Meet Glen Venezio, the Amazing ‘Cat Man of Puerto Rico’

When Glen Venezio moved from New Jersey to San Juan, Puerto Rico, in 2006, he was shocked by the number of hungry cats and dogs roaming his neighborhood, and how cruelly many people treated them. So he made it his mission to take care of these animals by going out at night to feed them.

Venezio tells Care2 that when he started 10 years ago, “I was only doing one single block basically, and a few more cats right in front of my place.”

Since then, his route has expanded greatly: “That is the difficulty to do this work in a place like this. I can expand my route a few more blocks in each direction, and there are more and more cats and dogs.”

Venezio explains that the situation of feral cats in Puerto Rico is unique. There are no organizations like Trap-Neuter-Return (TNR), as there are in the U.S., and no managed colonies. So while Venezio estimates there may be 500,000 feral cats on the streets of Puerto Rico, there are only a few small shelters helping them.

Venezio has also been working to neuter and spay these homeless creatures, and is proud that he has already sterilized about half of the cats on his current route.

Feeding Cats Every Night For 10 Years

For the past ten years, Venezio has been going out every night, from 1:30 a.m. to 6:30 a.m., and is now feeding over 250 cats, a few dogs, and even some chickens. He has to do this to prevent the wild chickens in the neighborhood from gobbling up the cat food.

“I’m on the street, basically all night long on foot, with food, with water,”¯ he says.


Photo Credit: Screenshot from YouTube video

He’s not kidding about that food: Every night Venezio uses four to five 16-pound bags of dry food and 30 to 40 cans of wet food. That adds up to about $400 a week. 

“I’m a one-man show, and I’m already stretched beyond capacity,”¯ he told Care2.

More Animal Activism

Venezio has also been active in other ways. He has aided the Puerto Rico State Police with many animal cruelty cases over the years. Some of his other animal activist projects include helping to prevent the creation of a Bioculture monkey breeding farm, whose owners were planning to import and breed macaques for cruel experimentation, and leading a campaign to fight against a proposed dolphinarium in San Juan some years ago.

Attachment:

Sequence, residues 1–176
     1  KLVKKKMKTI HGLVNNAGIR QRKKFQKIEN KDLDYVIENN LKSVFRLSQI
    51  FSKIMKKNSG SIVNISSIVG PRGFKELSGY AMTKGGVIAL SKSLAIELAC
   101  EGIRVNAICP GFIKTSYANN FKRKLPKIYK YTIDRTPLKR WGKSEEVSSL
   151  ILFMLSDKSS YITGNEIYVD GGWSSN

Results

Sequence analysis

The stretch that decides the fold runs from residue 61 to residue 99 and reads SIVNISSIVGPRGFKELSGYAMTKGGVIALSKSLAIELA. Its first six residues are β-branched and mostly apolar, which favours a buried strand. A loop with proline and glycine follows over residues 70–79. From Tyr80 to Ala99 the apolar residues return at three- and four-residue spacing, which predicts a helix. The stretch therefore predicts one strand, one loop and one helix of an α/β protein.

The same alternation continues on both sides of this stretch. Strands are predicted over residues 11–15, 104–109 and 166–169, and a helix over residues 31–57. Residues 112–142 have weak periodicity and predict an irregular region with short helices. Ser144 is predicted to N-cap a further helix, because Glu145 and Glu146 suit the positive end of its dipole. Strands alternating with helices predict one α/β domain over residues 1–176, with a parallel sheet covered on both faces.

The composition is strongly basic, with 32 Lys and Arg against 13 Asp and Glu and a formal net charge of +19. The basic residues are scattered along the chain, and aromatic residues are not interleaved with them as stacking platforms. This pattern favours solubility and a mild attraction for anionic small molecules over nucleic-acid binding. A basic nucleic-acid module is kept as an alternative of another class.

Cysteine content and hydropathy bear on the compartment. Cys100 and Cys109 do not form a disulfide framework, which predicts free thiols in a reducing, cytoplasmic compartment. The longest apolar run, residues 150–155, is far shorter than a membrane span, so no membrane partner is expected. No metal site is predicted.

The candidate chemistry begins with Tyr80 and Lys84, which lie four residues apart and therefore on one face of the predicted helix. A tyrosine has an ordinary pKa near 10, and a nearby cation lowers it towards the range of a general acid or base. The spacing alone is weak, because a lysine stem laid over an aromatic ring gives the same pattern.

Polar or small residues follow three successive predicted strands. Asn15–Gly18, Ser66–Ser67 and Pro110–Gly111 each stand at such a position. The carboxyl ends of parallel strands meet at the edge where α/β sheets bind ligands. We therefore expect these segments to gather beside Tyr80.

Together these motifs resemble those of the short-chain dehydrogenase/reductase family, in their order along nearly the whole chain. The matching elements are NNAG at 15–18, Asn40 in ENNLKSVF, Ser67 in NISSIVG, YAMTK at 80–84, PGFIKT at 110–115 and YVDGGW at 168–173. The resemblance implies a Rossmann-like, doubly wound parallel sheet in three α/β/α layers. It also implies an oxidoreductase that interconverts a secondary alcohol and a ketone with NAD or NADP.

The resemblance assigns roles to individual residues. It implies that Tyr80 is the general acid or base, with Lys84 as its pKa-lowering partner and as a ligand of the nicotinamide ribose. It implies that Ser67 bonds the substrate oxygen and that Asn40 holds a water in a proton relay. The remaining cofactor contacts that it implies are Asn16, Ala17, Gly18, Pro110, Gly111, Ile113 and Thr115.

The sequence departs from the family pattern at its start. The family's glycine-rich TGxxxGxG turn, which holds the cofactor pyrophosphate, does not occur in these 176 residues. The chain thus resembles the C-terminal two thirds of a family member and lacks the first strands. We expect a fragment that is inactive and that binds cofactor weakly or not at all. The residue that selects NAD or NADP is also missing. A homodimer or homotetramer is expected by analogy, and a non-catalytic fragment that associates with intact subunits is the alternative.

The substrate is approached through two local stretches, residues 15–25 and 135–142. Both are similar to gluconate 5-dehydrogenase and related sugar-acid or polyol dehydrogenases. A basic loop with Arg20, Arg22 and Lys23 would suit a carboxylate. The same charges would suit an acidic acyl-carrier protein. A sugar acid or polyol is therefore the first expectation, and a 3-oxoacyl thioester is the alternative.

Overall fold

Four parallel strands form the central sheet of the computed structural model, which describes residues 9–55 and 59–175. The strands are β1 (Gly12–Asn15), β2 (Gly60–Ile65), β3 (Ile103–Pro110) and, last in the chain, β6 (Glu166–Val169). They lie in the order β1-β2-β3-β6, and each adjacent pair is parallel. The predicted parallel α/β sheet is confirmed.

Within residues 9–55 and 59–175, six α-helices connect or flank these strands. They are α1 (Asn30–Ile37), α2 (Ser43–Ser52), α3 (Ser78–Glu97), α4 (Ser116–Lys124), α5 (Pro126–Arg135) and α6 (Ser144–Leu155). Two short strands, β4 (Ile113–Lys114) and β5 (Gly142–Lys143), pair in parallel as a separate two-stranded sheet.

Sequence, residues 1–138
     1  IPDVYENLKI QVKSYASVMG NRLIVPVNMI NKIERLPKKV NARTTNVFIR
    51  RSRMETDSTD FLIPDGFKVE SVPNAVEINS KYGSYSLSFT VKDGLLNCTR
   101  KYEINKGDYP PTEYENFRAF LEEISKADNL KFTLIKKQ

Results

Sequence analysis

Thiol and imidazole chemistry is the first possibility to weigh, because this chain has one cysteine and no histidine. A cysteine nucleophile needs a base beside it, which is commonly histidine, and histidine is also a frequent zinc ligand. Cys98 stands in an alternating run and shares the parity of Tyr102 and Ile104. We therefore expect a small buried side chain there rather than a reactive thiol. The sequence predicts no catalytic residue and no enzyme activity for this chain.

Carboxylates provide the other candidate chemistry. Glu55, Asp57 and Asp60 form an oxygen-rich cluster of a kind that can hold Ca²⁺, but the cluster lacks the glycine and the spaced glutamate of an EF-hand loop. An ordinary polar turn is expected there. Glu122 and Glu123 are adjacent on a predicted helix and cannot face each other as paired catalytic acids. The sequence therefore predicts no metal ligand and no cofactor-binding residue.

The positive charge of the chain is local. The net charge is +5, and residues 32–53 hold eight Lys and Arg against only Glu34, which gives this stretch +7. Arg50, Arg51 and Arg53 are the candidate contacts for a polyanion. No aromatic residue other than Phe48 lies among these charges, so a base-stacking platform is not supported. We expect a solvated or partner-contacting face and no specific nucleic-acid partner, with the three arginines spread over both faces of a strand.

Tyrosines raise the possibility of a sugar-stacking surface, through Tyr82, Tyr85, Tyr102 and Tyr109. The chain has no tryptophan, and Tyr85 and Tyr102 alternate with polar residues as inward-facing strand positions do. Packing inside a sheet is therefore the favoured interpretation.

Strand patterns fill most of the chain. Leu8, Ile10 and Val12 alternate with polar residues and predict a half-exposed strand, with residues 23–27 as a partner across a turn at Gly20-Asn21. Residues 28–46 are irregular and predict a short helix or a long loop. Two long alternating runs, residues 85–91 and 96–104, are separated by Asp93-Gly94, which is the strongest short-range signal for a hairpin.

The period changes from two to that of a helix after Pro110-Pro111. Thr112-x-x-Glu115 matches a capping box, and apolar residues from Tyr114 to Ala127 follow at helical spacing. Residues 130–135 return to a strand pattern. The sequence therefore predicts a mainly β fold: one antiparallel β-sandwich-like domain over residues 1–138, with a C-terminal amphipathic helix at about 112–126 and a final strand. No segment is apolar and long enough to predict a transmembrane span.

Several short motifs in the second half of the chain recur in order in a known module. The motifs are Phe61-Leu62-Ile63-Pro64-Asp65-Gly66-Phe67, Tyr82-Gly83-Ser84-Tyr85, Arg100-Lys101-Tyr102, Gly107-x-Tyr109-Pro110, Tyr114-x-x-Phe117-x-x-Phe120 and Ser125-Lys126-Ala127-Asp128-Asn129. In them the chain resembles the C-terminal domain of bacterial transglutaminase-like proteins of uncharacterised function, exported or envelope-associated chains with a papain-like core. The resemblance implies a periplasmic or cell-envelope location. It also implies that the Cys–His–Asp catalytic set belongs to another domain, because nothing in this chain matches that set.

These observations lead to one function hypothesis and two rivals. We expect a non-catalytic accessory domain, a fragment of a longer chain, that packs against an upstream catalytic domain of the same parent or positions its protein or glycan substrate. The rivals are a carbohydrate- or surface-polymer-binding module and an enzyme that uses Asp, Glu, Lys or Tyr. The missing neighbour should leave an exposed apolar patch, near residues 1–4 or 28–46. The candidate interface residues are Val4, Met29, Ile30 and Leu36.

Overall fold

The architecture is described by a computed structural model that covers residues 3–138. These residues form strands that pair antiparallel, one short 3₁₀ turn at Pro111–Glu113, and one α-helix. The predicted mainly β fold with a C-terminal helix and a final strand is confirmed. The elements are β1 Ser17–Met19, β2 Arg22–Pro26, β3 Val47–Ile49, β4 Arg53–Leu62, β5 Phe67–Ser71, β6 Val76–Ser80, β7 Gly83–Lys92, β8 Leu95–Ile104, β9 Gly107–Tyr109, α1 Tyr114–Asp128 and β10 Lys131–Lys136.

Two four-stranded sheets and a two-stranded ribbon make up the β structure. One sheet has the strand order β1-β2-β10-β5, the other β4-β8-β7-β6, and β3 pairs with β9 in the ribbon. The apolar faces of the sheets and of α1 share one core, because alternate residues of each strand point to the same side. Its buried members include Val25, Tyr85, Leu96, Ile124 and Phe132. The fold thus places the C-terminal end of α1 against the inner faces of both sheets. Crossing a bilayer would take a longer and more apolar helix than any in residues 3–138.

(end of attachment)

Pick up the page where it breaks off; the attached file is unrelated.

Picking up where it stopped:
Yet Venezio’s tireless efforts are not always greeted with applause. Sometimes the animal lover has to call on a police officer to protect him. As he explains in this video, “I scream my lungs off. And the people hate me more. I’ve been hurt. I have to protect myself. I have people threatening me.”

He tells Care2, “I’ve been punched in the face, and I’ve had pepper spray squirted at me.” His sense is that the residents are taking out their frustrations with life in Puerto Rico on him, and also that the people wanting to hurt him hate the cats, and so they hate the fact that he is taking care of them.

For Venezio, it’s clear that “It’s time for people to learn this is a planet and an environment that we share with other species.”

It’s tragic that local residents can’t recognize that whatever they feel about these cats and dogs, their neighborhood would be much worse off if Venezio wasn’t doing this important work. Once again, we see how people need to understand that we humans share this planet with other species, and we must learn to live together.

And it’s also true that animals have many lessons to teach us humans.

To learn more about Venezio’s story and the animals he protects, visit his Facebook page.


Photo Credit: Screenshot from YouTube video


Virgene L
Virgene L2 months ago

Thank you Glenn for explaining the situation. Hopefully you will be a guiding light to inform the populace not to ignore the suffering of our fellow creatures and hopefully, if they are able, to help. Keep up the good work and maybe more progress with sheltering will happen. Bless you for your contributions! Thanks Barb!

Renata B
Renata B7 months ago

Yes, I remember this wonderful man. I hope he continues to do well. A true, real angel. Blessings for him and his cats.

Cindy S
Cindy Smith10 months ago

omg I love him
beautiful soul.

Chrissie R
Chrissie Rabout a year ago

Thanks for posting.

Telica R
Telica Rabout a year ago


Marie W
Marie Wabout a year ago

Thanks for sharing.

Melania P
Melania Padilla1 years ago

A hero, an angel indeed. Thank you Glen! Saring

fotini horbou1 years ago


Barbara K
Barbara K1 years ago

Wow, this is such a wonderful story. This man is such a hero to all these beautiful cats. Thank you for all you do.

Glen Venezio
Glen Venezio1 years ago

Virgene L, thank you for the lovely comment regarding my work. But I must address something you wrote that many people don't understand about here if they hahe never been here especially, you think the people of Puerto Rico are suffering because you read the national news about the govt. bankruptcy situation, loans defaults, etc. No one is starving here, this is a highly consumerist society, people go to exclusive malls, drive fancy cars and "party " all night, in my area where I do the cats, these are middle to upper class people, who live in penthouse condos, drive BMWs and Mercedes and Mini-coopers, have lots of money for trips and luxuries, the only thing they are blind to and ignore are the animals outside their front doors in the street. Many people write to me and say "well the animals suffer there because the people are so poor"---not in my area=that is a misconception. The poor here are not starving either- Puerto Ricans get food stamps, Medicaid, etc., there are lacks of certain things among the poor people, but no one is starving, etc. This is another excuse that people provide why the animals are treated badly and it is a misconception.